Disable the right click menu of the browser. Nevermind that people need the right click menu for many purposes, and that they can access the same functions through the main menu bar even after you've disabled it. After all, if your aim is to annoy, you might as well make their visit to your site as unpleasant as possible.

Play background music when they arrive at your page. If that's not enough of an annoyance, make sure you loop the music so that your visitors are plagued by it continuously while they are on your page. If you're feeling particularly sadistic, place automatically-playing music on many (or even all) pages of your site. You don't have to worry about choosing a horrible tune — choose your favourite piece if you like. Since one man's meat is another man's poison, any sort of music tends to annoy most visitors.

Make every link on your site open in a new window when your visitor clicks on it. That is, put a target="_blank" to every link. This will annoy visitors since every time they click on a link in your site, a new window or tab will open. Imagine the number of windows those poor sods will find open on their computer if they try to read every page of your 100-page site. Delicious, isn't it? Another benefit of this technique is that it makes your site look amateurish.

Force your visitors to navigate your website using Flash. That is, place all your content in a Flash file — text, pictures, links, etc — even if Flash is not ideal for such content (a straight HTML page is best for those types of content). Make sure that visitors who don't have the Flash plugin enabled or installed cannot see anything or do much on your website. This effectively drives away all mobile users, a group of users that is growing in size, as well as cripple your visitors who have come to expect certain facilities to always be available in their browsers (such as the BACK key, the ability to bookmark specific pages, the ability to open certain links in a new tab, etc) when they visit websites. Now they will be forced to work through the more limited Flash plugin of their browser with whatever subset of features you deign to provide. In fact, exclusively using Flash for your site content might even help you to drop to the bottom of search engine listings too, thereby reducing the number of visitors to your site. After all, if you don't have visitors, you don't have to think of new ways to annoy them.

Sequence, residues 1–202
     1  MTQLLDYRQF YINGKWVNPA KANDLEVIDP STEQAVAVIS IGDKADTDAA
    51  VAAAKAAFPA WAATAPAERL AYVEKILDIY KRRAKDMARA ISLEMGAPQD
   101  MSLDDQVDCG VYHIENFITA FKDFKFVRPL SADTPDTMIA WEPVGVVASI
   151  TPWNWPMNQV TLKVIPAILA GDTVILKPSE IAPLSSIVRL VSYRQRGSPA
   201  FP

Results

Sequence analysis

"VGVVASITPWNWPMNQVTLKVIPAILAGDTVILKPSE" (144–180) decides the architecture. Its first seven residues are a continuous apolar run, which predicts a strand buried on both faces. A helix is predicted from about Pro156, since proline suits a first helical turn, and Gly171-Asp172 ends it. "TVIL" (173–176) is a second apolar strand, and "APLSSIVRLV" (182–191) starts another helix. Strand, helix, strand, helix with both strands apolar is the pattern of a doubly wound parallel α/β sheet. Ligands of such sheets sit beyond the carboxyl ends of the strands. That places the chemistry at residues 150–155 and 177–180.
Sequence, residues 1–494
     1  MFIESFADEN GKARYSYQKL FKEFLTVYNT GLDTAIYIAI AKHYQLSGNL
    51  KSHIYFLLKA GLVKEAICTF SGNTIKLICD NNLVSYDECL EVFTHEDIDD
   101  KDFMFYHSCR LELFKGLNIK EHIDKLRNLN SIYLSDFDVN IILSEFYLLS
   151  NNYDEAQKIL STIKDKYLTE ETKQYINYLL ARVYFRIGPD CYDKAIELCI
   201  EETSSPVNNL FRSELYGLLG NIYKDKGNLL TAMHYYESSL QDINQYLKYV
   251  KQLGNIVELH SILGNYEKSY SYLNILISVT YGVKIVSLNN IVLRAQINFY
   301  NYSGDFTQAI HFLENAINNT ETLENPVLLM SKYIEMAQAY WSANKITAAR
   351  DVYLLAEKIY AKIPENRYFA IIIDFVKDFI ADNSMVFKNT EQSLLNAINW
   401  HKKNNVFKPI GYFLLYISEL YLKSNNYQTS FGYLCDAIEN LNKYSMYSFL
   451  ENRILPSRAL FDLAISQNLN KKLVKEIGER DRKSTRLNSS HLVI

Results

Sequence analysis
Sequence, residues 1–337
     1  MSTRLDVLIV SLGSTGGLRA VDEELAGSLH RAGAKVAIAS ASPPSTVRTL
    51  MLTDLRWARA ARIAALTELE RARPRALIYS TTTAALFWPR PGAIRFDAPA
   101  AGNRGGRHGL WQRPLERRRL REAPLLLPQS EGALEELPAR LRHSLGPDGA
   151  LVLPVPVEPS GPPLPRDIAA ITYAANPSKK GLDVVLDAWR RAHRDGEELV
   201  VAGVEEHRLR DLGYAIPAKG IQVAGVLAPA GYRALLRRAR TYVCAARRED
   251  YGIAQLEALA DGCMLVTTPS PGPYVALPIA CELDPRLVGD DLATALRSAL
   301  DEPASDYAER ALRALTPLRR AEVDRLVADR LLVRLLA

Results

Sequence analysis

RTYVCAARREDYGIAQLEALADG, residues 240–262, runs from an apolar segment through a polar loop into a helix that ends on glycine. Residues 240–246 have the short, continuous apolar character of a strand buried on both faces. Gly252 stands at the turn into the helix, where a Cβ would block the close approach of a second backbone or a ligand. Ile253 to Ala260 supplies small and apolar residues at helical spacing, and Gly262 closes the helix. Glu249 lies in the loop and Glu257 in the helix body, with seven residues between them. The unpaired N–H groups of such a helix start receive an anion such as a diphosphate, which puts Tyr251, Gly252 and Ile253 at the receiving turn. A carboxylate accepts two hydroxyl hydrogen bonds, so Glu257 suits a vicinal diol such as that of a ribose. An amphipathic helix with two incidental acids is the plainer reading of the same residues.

Load your site with pop-up windows that open when your visitor reaches your page as well as when they leave the page. In fact, if you want to annoy them even further, open a pop-up window when they click on links on your site.

Reduce the navigational usability of your website. Don't put site maps or navigation bars with shortcut links to pages that your visitors will usually want to go such as the "Download" page if you're a software author. If you can annoy your visitors by forcing them to read whole pages of your text before they can find a link to move on to do what they really want to do, so much the better.